What even is that? Are you referring to the Expression element from Toolbox? (If so, the value returned by the eval()'ed expression is available at the Expression Blah's value output.) Note that Bubble is strongly typed. All expressions have a type and can only be inserted into input fields of that same type (this is pretty much the only feature of the issue checker - it lets you know there’s a type mismatch). Most expressions (but not all) have textual representations and can be converted to text via some :operator on the expression and can hence be used in text elements.


The above being said: Would it at times be useful if text elements had an exposed state that echoed the text type expression found within the element to some exposed state? Yes, it would.

But if a Bubble element does not expose a certain property it does not have that property.

In the case of text elements, the choice not to expose a value or similar exposed state is probably a wise one. Publishing states takes time and it doesn’t make sense generally for text elements (the function of which is to create a <div> containing the enclosed text in the DOM) to offer such a feature.

Note that there are lots of other things besides vanilla Bubble’s custom states that can act like (or similar to) custom states, including my plugins such as List Shifter, the Floppy and Floppy Expression Watcher elements from Floppy, and the humble Input element (which is often abused as a way of taking some expression and echoing it to a value output, but I find special-purpose plugins better for such use cases).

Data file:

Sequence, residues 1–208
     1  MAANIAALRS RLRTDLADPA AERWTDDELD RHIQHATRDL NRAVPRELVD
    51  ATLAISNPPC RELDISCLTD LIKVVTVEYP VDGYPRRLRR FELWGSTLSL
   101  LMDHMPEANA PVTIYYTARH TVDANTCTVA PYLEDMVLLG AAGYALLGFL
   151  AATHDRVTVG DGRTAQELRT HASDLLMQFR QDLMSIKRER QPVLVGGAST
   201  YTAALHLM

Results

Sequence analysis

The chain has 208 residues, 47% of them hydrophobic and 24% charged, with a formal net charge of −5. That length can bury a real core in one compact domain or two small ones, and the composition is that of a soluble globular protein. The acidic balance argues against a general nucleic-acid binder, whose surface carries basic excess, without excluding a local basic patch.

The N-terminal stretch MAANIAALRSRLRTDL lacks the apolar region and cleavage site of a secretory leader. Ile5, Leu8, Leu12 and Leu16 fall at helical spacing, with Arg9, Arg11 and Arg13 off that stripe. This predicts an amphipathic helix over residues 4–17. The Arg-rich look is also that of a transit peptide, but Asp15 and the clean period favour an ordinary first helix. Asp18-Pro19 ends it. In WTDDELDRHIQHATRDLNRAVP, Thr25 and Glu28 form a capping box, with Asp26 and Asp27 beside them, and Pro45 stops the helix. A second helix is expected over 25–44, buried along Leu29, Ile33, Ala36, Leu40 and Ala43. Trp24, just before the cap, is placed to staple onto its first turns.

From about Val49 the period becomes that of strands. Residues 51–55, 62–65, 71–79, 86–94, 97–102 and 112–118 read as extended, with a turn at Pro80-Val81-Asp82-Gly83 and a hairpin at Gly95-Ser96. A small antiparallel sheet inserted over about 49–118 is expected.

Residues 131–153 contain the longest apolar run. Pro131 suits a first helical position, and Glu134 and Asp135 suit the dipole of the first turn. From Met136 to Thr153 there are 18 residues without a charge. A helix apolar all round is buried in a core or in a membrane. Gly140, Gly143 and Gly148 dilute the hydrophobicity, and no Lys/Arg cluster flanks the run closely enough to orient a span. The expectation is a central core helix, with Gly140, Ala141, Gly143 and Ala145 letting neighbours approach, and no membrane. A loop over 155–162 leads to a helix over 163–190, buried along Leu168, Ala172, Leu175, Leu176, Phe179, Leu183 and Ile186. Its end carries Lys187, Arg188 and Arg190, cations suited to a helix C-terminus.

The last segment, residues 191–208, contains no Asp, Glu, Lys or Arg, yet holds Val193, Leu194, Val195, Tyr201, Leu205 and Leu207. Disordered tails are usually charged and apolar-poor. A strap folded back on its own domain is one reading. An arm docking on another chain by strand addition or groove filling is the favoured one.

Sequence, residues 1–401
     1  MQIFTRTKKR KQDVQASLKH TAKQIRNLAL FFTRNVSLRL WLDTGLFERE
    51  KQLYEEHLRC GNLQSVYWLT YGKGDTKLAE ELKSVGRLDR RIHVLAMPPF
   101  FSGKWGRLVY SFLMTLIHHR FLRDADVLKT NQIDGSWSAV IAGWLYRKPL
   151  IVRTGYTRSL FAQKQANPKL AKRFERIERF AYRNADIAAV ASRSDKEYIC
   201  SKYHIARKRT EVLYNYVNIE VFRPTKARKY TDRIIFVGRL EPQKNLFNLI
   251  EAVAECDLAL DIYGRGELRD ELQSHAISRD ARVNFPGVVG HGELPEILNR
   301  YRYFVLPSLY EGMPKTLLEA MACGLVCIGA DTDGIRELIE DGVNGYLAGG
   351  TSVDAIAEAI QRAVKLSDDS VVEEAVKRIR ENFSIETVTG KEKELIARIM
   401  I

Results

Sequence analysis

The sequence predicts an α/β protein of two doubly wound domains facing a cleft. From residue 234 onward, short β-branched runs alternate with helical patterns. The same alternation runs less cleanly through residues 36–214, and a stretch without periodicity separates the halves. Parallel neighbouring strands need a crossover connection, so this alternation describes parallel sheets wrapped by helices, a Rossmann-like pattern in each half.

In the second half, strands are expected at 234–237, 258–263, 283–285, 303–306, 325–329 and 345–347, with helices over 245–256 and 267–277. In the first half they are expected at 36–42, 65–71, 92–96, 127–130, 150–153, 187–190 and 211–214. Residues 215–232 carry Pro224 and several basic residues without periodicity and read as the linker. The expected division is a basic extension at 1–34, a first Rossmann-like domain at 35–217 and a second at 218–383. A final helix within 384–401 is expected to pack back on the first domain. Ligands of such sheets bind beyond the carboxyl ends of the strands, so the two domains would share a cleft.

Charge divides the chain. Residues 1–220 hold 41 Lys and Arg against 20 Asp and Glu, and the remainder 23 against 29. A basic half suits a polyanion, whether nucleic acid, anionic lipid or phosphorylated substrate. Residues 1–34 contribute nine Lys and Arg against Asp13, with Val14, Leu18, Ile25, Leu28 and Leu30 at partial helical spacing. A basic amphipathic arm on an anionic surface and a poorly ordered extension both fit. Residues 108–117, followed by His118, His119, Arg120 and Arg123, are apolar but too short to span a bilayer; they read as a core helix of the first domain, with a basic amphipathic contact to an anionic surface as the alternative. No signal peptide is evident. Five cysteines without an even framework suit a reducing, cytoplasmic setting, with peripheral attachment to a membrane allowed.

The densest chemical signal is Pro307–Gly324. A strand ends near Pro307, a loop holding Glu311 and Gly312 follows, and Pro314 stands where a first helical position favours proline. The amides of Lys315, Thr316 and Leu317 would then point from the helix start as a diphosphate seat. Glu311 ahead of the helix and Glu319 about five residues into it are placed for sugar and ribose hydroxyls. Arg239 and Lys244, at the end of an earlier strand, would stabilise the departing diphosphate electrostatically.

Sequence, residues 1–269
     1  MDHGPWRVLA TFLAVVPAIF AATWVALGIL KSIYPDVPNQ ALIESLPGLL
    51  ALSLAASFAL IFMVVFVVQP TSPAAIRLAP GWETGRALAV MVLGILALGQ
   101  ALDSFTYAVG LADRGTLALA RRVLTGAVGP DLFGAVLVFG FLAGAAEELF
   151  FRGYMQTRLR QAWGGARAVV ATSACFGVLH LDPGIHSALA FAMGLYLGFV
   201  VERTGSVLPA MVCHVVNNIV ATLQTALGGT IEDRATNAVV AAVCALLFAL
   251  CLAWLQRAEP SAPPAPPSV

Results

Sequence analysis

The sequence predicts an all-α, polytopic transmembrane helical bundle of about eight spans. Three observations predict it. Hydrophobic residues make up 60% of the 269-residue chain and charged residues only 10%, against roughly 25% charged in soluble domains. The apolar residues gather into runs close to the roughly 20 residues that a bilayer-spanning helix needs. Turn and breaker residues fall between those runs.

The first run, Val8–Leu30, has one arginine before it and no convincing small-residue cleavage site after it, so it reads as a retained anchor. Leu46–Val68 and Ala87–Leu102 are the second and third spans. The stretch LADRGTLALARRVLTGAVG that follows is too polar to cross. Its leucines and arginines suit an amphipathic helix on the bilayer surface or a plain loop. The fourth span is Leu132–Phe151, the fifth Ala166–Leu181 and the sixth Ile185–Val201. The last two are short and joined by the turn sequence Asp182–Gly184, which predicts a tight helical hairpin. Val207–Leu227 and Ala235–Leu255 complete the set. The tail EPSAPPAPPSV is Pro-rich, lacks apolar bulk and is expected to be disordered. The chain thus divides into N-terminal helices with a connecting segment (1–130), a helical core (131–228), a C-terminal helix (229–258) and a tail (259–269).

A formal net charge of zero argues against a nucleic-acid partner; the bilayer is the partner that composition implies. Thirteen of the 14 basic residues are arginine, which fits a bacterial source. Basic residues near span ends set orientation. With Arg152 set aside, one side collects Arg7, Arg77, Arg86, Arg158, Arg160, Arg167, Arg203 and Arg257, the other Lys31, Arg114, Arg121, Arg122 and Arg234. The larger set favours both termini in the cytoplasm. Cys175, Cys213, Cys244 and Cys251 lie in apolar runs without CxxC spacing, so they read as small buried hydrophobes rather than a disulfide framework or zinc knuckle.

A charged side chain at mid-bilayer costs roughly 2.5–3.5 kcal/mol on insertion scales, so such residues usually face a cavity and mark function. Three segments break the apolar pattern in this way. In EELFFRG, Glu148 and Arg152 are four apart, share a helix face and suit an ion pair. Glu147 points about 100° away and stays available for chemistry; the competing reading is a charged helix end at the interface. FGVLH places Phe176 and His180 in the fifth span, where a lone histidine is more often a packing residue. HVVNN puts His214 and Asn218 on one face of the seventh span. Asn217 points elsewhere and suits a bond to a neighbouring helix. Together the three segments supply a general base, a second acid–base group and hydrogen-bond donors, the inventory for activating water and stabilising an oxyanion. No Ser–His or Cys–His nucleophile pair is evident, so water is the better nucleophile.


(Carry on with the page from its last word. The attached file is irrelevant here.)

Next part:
Thank you. This helps. One of my areas of technical ignorance is html and css. I assume an element I’m using is like an object. I see how the text element is not. That now makes sense for so many experiences I’ve had.

A quick question, is a Custom State essentially a variable? So I can use them like a variable who’s scope is to the page?

Hey @bryan.holmes, that is exactly what Custom States are. They are basically local variables. They only exist in the page and yes their scope is the page itself in most cases. (They are also used in reusable elements as a way for reusables to communicate with the host page. Any custom states on the outermost container of a reusable are readable/writable from both the host page and the reusable.)

But, further to my comments about text elements and the reasons they don’t have a value property:

One challenge that we have with Custom States (and even my own plugins) and storing large amounts of text is that most text type inputs are of the short variety, not the “long text” input with Rich Text Editing capabilities (like you find in the text element itself).

This has bugged me for a while, so I took the opportunity to update Floppy Expression Watcher element, available in my commercial plugin Floppy (plugin page here, Floppy thread here).

What this element does is just watch some expression (either a list expression, a scalar expression, or both) and optionally publish the evaluated expression value to its list or scalar outputs, as appropriate. It also throws an initialized/updated event whenever the expression value changes.

Now it has a long text field inside it that can be used if the element’s type is set to text. So now you can actually compose a big text just like you’d to in a text element and then use that text in multiple locations. Works like this:

And now can reference that text anywhere:

And then in the runtime:

Floppy has a bajillion other cool features (it is primarily about browser storage, but it does a lot more) and it’s the new home for most of my plugin projects, so it’s regularly getting more cool new features and, thus, is a bargain at $12 ($6/monthly).